ELYRIA — Many people don’t even know it’s there, nestled between office buildings in downtown Elyria.
For those who do, it has been a grocery store when bellies were empty, a clothing store when shoes needed replaced and a means to sustain a family when there is nowhere else to turn.
This year, the Elyria Hospitality Center celebrates its 25th anniversary, and the agency shows no signs of slowing down.
Paul Kuebler Jr., one of the co-founders of the center and chairman of its board of directors, said the concept for the center came when the downtown churches began noticing a growing demand for services. Originally conceived as a drop-in spot for coffee and a bit of rest, services expanded to what they are today.
Residents who meet the federal poverty level guidelines are able to stop by the center to pick up needed items — anything from canned goods to produce to meat, clothing and even some household goods.
And it wouldn’t be possible without the generosity of the community.
The center partners with Second Harvest Food Bank and other area agencies for food items, but without donations and volunteers, the center couldn’t operate.
Elyria Hospitality Center is open Mondays, Wednesdays and Thursdays with 15 to 20 volunteers showing up throughout the month to prepare. On average, a total of 400 people walk through the doors of the center each month. Most of those 400 people have families, so the center actually serves about 1,500 each month.
“For the last three to four years, we’ve seen an increase each year,” Kuebler said.
He also has seen an increase of 5 percent to 8 percent in family size, with grandparents or extended family living with immediate family.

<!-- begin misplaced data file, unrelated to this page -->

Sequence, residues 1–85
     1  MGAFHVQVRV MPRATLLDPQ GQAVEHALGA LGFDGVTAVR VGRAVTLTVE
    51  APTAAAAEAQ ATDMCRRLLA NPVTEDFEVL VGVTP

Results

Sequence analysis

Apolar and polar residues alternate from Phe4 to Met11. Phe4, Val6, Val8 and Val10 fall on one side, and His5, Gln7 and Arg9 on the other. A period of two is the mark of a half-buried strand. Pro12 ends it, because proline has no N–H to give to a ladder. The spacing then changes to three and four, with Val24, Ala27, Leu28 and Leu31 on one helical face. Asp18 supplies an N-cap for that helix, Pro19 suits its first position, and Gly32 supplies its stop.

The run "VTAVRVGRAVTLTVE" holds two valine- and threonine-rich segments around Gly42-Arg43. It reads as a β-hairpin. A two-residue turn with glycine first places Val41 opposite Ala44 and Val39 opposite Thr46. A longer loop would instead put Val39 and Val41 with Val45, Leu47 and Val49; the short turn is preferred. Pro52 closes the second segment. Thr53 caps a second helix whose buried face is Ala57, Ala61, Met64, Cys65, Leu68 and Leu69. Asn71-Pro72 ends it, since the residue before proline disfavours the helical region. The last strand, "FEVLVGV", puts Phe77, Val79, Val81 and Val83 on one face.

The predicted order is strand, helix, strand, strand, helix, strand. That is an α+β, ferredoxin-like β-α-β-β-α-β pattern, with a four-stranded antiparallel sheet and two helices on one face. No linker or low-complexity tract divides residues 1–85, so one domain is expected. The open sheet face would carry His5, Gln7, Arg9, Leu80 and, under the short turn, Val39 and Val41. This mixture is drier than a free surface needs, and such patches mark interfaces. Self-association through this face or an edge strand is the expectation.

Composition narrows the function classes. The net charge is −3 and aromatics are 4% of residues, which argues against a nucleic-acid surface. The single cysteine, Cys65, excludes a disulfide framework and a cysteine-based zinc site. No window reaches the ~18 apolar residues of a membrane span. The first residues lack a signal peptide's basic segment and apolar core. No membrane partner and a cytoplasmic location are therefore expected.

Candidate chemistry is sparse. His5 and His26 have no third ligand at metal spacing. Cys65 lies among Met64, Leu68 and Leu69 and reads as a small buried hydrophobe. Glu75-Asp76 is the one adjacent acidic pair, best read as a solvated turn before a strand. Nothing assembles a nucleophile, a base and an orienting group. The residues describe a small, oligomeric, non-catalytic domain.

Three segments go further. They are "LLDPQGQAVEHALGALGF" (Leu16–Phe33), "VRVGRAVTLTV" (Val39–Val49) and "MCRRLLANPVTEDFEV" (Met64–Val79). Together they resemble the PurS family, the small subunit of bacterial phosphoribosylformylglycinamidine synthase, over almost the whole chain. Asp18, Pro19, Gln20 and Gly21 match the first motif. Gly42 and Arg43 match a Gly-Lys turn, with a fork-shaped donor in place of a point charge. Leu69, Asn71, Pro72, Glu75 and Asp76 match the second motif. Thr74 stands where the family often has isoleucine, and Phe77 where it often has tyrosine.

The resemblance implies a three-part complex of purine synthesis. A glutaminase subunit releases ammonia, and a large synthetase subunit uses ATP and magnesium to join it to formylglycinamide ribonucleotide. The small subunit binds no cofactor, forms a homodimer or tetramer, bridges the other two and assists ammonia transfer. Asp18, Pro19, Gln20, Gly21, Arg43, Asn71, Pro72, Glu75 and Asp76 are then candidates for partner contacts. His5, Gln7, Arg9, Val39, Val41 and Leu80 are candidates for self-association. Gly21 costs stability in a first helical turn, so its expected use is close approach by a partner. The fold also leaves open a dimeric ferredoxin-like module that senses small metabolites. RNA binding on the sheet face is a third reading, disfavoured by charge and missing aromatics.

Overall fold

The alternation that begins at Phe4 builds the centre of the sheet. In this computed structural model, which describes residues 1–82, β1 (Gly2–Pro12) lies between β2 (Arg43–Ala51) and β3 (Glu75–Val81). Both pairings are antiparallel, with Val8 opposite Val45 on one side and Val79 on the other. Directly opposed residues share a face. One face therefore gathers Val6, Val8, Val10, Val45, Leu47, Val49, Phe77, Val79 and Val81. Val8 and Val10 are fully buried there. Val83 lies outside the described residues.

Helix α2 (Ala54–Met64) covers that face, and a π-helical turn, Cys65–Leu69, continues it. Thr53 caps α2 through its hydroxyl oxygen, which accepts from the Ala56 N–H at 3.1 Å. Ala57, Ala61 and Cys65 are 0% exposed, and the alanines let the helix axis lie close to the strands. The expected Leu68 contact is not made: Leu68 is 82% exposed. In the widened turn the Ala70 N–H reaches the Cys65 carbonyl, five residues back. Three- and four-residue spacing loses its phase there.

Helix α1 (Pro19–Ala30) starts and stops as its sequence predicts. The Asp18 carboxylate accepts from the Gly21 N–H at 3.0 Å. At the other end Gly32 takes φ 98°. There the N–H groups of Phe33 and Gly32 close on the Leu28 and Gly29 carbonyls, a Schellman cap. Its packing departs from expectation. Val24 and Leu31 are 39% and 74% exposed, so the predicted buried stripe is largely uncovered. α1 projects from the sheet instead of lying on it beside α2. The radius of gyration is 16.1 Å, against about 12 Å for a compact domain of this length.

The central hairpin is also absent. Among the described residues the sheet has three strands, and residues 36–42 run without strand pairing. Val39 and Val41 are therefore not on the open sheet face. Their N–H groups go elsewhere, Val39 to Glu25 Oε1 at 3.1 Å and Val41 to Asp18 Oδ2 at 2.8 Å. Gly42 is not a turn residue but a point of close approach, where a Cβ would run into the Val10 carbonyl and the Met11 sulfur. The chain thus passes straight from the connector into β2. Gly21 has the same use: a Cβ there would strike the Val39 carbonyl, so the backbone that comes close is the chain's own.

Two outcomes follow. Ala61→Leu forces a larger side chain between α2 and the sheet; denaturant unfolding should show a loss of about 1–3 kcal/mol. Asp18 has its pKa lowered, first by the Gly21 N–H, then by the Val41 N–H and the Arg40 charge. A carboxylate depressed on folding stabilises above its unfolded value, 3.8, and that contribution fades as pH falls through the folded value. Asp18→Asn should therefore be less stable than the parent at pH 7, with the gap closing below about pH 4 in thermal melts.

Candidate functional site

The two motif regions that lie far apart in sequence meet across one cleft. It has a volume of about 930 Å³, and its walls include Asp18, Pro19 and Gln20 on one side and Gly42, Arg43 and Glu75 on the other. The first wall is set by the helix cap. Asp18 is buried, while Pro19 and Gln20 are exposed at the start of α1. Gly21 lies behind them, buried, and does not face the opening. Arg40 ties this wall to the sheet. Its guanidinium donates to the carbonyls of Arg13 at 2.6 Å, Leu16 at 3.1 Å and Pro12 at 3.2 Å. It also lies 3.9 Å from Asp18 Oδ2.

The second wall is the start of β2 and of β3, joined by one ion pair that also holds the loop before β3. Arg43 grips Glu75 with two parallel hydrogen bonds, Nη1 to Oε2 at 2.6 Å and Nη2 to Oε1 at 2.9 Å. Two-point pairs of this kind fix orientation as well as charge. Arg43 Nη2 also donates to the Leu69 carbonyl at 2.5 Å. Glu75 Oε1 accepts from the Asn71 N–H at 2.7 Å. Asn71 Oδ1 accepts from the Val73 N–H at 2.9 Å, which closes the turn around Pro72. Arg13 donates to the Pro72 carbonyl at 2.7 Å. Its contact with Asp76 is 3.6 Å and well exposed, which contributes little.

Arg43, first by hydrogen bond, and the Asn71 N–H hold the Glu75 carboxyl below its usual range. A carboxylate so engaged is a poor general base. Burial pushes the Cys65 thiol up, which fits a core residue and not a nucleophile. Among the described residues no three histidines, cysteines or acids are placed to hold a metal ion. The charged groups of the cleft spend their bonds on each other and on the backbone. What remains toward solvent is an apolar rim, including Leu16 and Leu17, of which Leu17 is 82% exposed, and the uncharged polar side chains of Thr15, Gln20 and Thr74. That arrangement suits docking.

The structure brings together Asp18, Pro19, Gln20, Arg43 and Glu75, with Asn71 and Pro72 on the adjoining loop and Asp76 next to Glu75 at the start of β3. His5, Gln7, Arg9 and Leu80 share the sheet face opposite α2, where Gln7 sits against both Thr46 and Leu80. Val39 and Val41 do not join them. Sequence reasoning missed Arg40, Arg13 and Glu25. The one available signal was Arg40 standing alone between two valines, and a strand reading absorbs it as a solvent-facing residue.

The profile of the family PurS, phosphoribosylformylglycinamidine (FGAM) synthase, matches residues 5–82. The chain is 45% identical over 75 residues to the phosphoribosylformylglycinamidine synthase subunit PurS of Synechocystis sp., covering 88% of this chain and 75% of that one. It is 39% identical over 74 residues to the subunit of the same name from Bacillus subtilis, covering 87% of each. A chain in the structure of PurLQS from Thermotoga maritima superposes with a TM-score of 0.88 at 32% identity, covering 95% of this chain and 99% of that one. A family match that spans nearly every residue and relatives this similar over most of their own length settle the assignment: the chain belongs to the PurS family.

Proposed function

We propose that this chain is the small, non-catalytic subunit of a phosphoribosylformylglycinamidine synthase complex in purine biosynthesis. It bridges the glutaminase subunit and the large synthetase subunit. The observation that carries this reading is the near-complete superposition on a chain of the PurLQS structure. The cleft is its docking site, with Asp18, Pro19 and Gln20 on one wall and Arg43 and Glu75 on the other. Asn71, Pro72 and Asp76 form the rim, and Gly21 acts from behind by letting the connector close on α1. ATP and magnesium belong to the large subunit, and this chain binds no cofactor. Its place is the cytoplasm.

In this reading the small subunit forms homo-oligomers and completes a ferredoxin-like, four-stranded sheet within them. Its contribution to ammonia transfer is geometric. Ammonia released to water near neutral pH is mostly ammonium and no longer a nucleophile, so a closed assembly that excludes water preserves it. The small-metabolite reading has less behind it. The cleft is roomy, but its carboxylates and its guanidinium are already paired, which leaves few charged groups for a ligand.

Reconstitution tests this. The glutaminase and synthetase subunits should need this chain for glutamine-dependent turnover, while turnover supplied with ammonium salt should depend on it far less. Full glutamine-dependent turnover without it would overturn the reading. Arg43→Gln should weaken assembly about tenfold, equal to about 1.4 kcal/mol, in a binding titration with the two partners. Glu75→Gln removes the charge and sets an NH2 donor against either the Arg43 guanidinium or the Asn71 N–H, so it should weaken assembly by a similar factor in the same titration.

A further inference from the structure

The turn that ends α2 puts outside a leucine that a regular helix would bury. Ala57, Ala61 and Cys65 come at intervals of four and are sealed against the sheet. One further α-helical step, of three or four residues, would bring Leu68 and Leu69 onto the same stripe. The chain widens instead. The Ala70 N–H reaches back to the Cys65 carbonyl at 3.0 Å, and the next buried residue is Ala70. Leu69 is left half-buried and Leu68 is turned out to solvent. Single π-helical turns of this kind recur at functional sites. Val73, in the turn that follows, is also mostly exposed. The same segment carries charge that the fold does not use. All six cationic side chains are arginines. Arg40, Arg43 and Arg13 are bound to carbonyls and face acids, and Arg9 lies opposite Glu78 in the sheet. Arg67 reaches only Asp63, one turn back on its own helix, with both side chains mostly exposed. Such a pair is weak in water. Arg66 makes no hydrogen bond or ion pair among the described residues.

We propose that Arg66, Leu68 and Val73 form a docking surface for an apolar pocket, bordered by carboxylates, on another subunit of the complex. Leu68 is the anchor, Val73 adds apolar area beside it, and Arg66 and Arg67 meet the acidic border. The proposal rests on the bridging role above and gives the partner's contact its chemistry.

“We are not an advocacy group,” he said. “We have lists we can refer people to for rent help, etc., but it’s not part of our charter to ‘graduate’ people. Our object is for people coming here to get two to three days’ worth of food. Some people we see once a year, some people we see once a lifetime, and some we see every month.”
While it could be frustrating to realize that the need never quite goes away, that’s not the case for Kuebler.
The biggest reward for Kuebler has been seeing the appreciation of the center’s customers.
“Eighty percent of the people are very appreciative of what they get,” he said. “People are very accommodating of others. It’s interesting to see how the people are in it together — those who are serving and those who receive services.
“Some people who used the facility in the past, and later not had to, come back and make donations or volunteer their time,” he said. “One man brings bread in every once in awhile, and he also gets food (from the center’s pantry.)”
Polly Simmons and her husband, Charles “Bud” Simmons, recently stepped down as co-directors of the center’s day-to-day operations after 11 years, but they haven’t stepped away from volunteering.
“We didn’t know it existed before we started, but we found a whole new world for us,” she said. “It has been very rewarding.”
She encounters people who have recently lost their job who are unemployable, and elderly people who are just having trouble making ends meet.
The dedication of the volunteers and the outpouring from the community has made it worthwhile for Simmons.
“The community has certainly come to our aid when we’ve needed it,” she said. “A lot of times we will need money or food, and I think someone is watching over us because we get it. It’s just phenomenal, really. Our shelves will be empty and someone will drop off a donation, or drive up with a car load of food. I’ve found it rather enlightening.”
The Simmons plan to keep volunteering for as long as they can, but their spots as co-directors still need filled.
For more information about the position or to learn about making donations or receiving services, visit the center’s website at www.elyriahospitality
center.com or view its Facebook page.